Many of the children successfully negotiated multiple identities. For example those whose families had origins in other countries typically identified as Somali, Bangladeshi and so on, but they were also  clear  that  they  ‘came  from’  London. 
The children recognised ethnic and social difference and viewed diversity as commonplace, and an ordinary part of their everyday lives.

Key findings – adults’ friendships

    • The adult participants found schools to be a source of friendships for themselves, as well as their children. Their relationships with other parents varied from interactions consisting of casual greetings to close friendships.
    • However, adult friendship relations that emerged from encounters in the playground were characterised by fluidity, temporality and instrumentalism. That is, school based adult friendships were often understood as likely to last only as long as the children were in that particular school, and to be fostered, partly to help the children’s social integration.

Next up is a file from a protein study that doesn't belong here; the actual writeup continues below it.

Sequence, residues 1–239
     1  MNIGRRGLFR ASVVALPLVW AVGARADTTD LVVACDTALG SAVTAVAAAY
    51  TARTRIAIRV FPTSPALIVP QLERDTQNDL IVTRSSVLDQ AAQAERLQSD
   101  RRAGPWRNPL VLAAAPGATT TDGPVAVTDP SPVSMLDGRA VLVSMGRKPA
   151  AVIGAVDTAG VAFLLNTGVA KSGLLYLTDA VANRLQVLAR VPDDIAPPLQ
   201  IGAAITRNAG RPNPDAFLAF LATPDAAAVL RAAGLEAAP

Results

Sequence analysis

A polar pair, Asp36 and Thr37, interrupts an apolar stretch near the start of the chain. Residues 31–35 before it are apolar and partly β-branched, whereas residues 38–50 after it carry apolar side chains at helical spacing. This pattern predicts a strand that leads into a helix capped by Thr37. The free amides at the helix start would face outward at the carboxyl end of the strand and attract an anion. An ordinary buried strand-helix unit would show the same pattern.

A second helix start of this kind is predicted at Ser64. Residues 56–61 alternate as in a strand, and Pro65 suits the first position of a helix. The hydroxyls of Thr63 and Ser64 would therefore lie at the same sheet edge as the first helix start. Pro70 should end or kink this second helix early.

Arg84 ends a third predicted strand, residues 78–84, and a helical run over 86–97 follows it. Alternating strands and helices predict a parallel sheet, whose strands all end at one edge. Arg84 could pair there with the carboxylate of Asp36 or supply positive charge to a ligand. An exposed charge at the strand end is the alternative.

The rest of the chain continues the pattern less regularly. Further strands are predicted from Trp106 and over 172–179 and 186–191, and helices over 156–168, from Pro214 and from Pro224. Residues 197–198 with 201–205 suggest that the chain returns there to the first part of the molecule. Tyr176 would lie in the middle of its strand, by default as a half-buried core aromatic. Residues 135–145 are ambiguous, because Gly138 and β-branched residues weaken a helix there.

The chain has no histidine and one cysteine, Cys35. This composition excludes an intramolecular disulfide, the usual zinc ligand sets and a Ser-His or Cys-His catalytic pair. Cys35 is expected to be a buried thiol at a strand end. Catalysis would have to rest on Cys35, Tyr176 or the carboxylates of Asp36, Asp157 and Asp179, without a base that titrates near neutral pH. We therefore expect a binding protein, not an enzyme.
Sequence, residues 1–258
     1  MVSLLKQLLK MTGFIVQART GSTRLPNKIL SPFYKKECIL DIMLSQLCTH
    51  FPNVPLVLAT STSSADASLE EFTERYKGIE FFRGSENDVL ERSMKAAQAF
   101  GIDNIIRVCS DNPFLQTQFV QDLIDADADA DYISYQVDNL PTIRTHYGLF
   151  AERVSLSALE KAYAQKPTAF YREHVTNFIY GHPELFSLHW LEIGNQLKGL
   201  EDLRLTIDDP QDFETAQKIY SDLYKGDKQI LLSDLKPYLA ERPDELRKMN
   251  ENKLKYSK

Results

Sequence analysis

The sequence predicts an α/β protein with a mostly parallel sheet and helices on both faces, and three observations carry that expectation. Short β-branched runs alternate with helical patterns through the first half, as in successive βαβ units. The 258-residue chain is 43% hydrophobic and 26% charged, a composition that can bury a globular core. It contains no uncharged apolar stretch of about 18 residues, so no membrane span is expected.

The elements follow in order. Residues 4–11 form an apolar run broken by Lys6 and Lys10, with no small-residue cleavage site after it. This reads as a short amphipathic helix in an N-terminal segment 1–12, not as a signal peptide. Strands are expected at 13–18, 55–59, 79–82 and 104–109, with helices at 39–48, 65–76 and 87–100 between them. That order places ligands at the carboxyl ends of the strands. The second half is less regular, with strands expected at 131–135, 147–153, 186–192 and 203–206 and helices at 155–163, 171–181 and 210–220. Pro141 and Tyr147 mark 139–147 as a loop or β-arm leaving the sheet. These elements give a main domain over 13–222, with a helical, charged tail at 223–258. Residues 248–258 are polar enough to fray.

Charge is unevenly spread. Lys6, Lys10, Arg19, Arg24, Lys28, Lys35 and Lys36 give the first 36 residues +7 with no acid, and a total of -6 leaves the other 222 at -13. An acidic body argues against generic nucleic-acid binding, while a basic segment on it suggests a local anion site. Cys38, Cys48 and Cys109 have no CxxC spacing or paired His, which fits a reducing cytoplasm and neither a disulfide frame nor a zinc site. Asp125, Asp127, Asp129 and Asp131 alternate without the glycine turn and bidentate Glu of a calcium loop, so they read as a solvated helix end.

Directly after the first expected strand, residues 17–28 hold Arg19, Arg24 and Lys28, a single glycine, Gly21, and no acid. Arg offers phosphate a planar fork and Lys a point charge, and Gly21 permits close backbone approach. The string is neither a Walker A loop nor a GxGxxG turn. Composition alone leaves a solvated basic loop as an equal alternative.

• We found that adult friendships operated on different levels of emotional intensity and had ‘thicker’   and   ‘thinner’   levels   of   intimacy.
    • In   the   study,it   was   clear   that   both   ‘enduring’   friendship   and more casual, friendship forms based on seeing others regularly can work as a wide ranging resource for forming social-local connections (e.g. having someone to ask for childcare help; having someone to ask for information about a school event or outing; having someone to take the children to go to the park or swimming; having someone to socialise with, involvement in local community events, etc) and capacity building (involvement in school events and activities,  ‘know   how’  and  awareness  of  the school world, knowing teachers and school staff ).
    • However, the generation of social capital resources (e.g. knowledge and information about education) tended to be limited to networks of adults similarly positioned in terms of ethnicity and in particular social class; that  is  ‘bonding’  social  capital.